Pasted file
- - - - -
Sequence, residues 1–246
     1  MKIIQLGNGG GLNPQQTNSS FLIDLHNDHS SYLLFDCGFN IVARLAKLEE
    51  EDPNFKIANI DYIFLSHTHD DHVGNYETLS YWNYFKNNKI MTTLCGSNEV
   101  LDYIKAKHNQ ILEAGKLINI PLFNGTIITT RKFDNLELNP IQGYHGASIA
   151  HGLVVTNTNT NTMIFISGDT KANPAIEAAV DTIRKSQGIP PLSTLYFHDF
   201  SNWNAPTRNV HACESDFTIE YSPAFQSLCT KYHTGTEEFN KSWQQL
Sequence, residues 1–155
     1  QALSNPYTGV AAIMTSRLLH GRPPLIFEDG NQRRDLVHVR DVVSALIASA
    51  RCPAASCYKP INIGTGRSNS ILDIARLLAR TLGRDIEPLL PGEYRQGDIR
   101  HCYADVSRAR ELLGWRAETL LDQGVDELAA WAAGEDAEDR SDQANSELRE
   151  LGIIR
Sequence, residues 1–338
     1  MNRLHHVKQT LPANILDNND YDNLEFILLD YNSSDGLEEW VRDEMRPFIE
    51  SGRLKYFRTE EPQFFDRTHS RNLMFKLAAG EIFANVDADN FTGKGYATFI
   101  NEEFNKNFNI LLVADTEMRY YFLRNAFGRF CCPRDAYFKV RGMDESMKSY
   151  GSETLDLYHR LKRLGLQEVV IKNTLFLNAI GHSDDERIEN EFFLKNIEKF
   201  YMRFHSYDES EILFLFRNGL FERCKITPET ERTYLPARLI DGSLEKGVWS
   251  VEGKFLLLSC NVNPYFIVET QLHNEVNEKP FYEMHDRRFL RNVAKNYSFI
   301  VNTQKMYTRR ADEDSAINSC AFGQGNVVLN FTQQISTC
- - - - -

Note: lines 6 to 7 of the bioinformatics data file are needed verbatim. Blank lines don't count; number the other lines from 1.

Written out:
   201  SNWNAPTRNV HACESDFTIE YSPAFQSLCT KYHTGTEEFN KSWQQL
Sequence, residues 1–155